A while ago I wrote about my (negative) experience with the Flickr moderation process. I guess I am not the only one uncomfortable with it – Thomas Hawk touched this topic several times (“Use a Swear Word in a Private Email at Flickr and You Get Your Account Deleted“, “Flickr = Censorship“).
Full disclosure: Aya is a citizen on Yedda. She’s earned her citizenship long ago – she’s been a helpful, kind and knowledgeable citizen. She’s been helping lots and lots of people with her knowledge and yet down to earth candid answers.
And an even fuller disclosure: Aye is a personal friend. I know her to be an original, free thinking artist, and one of the sweetest, most candid, most kind-hearted person I know.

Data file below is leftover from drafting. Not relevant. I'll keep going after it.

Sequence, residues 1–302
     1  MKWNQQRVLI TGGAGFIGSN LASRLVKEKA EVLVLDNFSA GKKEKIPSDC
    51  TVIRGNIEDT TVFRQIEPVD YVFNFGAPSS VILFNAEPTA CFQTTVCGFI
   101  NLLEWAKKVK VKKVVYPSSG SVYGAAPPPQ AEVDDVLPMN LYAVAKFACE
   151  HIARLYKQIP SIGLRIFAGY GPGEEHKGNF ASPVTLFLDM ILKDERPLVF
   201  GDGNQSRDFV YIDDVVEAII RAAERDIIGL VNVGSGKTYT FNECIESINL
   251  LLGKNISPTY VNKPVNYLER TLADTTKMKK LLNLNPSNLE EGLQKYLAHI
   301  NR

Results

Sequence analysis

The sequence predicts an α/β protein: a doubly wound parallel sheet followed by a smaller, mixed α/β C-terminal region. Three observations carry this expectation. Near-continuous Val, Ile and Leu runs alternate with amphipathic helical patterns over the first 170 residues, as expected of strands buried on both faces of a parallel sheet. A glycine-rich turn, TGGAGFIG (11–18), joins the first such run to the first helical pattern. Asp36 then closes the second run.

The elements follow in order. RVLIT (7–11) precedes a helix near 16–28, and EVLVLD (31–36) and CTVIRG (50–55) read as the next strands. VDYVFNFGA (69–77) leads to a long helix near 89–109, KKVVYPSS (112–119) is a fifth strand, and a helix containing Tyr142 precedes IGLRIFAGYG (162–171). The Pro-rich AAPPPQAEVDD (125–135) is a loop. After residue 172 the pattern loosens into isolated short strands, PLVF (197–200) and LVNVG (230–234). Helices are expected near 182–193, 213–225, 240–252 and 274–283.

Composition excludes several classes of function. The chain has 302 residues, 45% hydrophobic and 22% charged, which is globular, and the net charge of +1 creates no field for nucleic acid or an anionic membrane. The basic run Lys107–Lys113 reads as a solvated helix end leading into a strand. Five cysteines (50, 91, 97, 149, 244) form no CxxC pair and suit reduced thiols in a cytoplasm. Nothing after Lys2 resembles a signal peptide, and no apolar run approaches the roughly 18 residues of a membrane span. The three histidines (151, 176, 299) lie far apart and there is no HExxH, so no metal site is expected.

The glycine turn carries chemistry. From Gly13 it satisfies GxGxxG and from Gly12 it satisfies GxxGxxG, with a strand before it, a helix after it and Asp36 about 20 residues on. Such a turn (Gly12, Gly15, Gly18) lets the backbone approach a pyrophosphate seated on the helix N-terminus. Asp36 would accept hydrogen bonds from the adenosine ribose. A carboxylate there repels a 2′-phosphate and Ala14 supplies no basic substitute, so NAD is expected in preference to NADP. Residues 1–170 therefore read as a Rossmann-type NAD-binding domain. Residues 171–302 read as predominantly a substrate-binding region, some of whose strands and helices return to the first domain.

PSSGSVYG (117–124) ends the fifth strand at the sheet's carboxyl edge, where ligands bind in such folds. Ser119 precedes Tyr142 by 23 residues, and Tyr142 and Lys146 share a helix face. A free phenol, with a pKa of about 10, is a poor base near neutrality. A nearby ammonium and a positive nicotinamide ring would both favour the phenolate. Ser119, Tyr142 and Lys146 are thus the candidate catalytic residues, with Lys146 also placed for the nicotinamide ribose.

From Aya’s letter to Flickr:
Your site gave so much and by my account being deleted, took so much from me.
I’m thinking back on my photo stream and remembering so many important moments of my life, which the documentations and interactions of are now gone and all is left in my own memory.
How many web services out there have users that feel that strongly about them?
But Flickr is not the issue. We all do that. Bloggers approve or delete a comment on a whim. Digg promotes or hides news – news! – on an algorithmic whim. Even Google sends web sites and companies to stardom or oblivion due to an “Index Update”, aka The Google Dance.